To circumvent Jews who would not accept New Testament writings, God turned to the Greek language. Greek writers and speakers picked up the responsibility of preserving the gospels of Christ and the writings of the New Testament Church. Eventually, the writings from the apostles and other disciples of Christ went on to be canonized as part of the Bible.
The apostle Paul assured those in Rome that the Jews’ unbelief had no bearing on the integrity of the Bible. Notice: “What if some [Jews] did not believe? Shall their unbelief make the faith of God without effect? God forbid: yes, let God be true, but every man a liar; as it is written, That you might be justified in your sayings, and might overcome when you are judged” (Rom. 3:3-4).
The Jews originally had an advantage over the Greeks since they first received God’s oracles. When the Jews spurned Christ’s message, God raised the apostle Paul to go to the Greek-speaking world with the same message.
Paul went almost exclusively to the Greeks and the Greek-speaking world fulfilling an Old Testament prophecy repeated in Romans 10:19-20: “But I say, Did not Israel know? First Moses said, I will provoke you to jealousy by them that are no people, and by a foolish nation I will anger you. But Isaiah is very bold, and said, I was found of them that sought me not; I was made manifest unto them that asked not after Me.”
God used the “foolish” Greeks (called this based on their vanity and ignorance of the Old Testament scriptures) to provoke the Jews to jealousy, even though the Greeks did not seek God on their own. From this point forward, God made “no difference between the Jew and Greek” (Rom. 10:12).
This transition to working with the Greeks instead of exclusively working with the Jews proves God always intended to spread His Word to all mankind regardless of ethnic background.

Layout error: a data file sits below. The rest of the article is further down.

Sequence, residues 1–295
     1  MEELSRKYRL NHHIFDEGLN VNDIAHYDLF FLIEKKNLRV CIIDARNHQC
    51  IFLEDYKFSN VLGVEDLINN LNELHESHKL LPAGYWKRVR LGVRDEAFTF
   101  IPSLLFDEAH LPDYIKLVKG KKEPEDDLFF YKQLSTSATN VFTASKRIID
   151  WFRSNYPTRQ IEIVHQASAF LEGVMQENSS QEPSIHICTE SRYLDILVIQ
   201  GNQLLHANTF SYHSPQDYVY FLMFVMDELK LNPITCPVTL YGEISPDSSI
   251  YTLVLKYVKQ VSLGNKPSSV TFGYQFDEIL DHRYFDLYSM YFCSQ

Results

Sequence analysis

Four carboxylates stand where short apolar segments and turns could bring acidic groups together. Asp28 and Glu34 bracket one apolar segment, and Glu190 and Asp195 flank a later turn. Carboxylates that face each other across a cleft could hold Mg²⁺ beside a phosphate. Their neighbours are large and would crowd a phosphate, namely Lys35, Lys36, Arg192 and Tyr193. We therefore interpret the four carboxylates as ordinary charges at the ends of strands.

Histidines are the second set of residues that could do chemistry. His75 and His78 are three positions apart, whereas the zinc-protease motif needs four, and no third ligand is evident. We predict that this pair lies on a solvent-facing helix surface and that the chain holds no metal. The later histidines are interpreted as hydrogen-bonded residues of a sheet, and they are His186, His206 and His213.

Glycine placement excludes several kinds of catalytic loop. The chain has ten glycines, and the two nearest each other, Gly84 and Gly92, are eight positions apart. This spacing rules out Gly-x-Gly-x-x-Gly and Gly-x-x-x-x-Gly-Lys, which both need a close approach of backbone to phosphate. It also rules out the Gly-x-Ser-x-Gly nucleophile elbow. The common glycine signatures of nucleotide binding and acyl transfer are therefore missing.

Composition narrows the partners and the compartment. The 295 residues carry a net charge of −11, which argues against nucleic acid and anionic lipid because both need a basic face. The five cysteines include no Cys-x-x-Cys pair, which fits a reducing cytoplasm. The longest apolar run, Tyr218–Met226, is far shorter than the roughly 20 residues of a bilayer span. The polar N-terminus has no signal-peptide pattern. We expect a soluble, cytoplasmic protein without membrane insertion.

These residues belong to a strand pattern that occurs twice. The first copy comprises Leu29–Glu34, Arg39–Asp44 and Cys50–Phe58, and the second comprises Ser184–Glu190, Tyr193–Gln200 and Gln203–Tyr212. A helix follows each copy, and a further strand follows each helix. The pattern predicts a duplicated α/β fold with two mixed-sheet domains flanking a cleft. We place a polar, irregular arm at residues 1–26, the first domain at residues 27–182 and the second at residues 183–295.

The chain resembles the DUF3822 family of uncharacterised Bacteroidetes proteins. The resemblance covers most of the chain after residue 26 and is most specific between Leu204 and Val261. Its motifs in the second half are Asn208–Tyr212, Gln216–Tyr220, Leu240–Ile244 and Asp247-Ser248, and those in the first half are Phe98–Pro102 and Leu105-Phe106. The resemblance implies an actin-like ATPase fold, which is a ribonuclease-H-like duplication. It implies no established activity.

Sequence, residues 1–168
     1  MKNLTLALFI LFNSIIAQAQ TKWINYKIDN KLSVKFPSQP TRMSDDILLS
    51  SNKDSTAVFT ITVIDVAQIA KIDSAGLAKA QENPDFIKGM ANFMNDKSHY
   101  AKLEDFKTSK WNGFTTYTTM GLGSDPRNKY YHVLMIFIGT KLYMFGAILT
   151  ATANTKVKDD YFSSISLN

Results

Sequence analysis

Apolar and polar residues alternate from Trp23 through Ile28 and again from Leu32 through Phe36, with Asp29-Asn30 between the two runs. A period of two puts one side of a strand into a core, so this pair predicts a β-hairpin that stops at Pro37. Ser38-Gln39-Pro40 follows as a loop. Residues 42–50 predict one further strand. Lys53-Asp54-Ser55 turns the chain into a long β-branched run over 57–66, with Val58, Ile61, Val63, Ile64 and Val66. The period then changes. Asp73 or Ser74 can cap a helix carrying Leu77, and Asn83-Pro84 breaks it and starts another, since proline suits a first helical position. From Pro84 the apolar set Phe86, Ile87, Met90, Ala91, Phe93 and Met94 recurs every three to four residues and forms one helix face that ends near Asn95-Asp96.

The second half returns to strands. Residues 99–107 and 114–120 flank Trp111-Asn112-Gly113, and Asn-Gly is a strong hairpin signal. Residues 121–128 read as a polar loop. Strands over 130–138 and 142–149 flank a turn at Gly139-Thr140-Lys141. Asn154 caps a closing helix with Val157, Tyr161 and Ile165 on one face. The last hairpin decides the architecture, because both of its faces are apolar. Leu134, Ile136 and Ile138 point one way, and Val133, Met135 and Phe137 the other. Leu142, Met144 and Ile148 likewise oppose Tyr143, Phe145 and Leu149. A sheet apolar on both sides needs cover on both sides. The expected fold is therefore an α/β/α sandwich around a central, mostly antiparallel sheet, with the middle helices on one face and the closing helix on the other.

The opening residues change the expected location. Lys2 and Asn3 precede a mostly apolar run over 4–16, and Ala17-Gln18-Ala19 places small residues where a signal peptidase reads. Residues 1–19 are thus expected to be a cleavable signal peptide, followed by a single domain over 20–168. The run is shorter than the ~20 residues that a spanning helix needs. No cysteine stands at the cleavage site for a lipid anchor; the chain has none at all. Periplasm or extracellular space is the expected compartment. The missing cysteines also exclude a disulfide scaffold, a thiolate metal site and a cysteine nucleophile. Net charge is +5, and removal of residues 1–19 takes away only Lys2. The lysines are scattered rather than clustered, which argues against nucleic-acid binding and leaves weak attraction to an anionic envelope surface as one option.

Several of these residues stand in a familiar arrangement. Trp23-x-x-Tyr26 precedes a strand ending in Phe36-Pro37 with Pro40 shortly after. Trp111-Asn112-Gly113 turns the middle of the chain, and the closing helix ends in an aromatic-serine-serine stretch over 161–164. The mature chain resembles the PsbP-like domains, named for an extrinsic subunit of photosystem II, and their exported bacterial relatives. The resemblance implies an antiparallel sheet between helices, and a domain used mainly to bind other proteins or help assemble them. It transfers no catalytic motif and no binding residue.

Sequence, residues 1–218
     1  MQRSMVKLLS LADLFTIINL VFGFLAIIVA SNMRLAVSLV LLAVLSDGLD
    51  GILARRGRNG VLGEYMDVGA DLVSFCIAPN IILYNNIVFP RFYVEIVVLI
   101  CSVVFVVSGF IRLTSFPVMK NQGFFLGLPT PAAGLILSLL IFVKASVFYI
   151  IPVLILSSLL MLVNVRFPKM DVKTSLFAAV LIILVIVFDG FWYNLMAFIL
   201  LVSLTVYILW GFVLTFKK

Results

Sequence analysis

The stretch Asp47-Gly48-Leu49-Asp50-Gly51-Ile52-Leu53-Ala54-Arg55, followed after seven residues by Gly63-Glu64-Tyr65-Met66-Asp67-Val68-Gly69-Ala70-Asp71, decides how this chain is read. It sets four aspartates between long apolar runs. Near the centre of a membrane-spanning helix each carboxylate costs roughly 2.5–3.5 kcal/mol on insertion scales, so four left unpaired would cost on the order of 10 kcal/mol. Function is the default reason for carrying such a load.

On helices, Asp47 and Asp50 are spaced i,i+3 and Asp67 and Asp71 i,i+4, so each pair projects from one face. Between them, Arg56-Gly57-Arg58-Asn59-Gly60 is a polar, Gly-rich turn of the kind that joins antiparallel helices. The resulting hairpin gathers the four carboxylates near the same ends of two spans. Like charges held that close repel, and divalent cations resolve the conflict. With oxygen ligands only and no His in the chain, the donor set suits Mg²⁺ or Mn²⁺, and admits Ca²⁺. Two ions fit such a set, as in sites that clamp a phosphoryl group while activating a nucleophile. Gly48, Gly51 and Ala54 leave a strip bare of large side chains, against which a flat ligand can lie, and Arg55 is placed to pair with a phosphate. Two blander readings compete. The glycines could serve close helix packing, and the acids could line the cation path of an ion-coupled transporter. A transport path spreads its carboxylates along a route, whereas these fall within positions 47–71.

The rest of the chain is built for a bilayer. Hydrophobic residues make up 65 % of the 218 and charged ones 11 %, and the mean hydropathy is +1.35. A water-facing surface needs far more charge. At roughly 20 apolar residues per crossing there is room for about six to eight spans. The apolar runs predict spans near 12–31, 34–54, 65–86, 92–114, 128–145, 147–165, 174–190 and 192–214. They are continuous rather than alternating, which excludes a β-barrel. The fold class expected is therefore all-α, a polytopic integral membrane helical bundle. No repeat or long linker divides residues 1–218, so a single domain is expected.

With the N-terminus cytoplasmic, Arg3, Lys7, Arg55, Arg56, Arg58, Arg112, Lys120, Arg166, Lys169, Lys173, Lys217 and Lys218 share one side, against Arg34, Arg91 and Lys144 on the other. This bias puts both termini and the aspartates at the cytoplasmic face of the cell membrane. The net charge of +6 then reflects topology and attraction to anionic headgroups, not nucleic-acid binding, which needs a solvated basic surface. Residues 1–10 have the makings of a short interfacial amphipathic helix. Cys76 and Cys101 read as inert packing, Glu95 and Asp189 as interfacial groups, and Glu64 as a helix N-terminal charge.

God inspired the Greeks to copy and publish the New Testament text in their language. The Samaritans, Latins and Egyptians all made attempts to translate the New Testament, but they altered and thus corrupted the text. Only the Greeks accurately copied and preserved the New Testament.
Nearly 4,500 Greek manuscripts examined by experts confirm the integrity and purity of the modern New Testament. In 1935, a fragment of John’s gospel in Greek dating from the time of Roman Emperor Trajan, AD 98 to 117, was discovered in Egypt. The fragment indicated that the entire New Testament, in proper order, was circulating within 20 years of the apostle John’s death.
This is evidence God’s Word was secured across thousands of years and through multiple language translations. But how did Scripture successfully make it across countries and continents?
The New Testament record was complete after John, but much of the original texts remained local. In 1453, the Turks conquered Constantinople, the capital of the Greek world. As the Greeks fled west, they took their preserved Bible manuscripts. These manuscripts permeated a religious world dominated at the time by the Latin Vulgate translation of the Bible.
The Latin Vulgate was the work of Jerome, a biblical scholar commissioned by the Catholic Church to produce a Latin version of the Bible. He used many Latin translations which all differed. As a result, the Vulgate is not closely based on the original Greek New Testament. It instead traces back to the Septuagint and Alexandrian influences. Jerome himself admitted the Latin translations he used were corrupted.
One example of its flaws is the addition of text in I John 5:7, which alludes to God as a trinity—Father, Son and Holy Spirit. This made it into the King James Version via the Latin Vulgate. However, this verse was in none of the Greek manuscripts.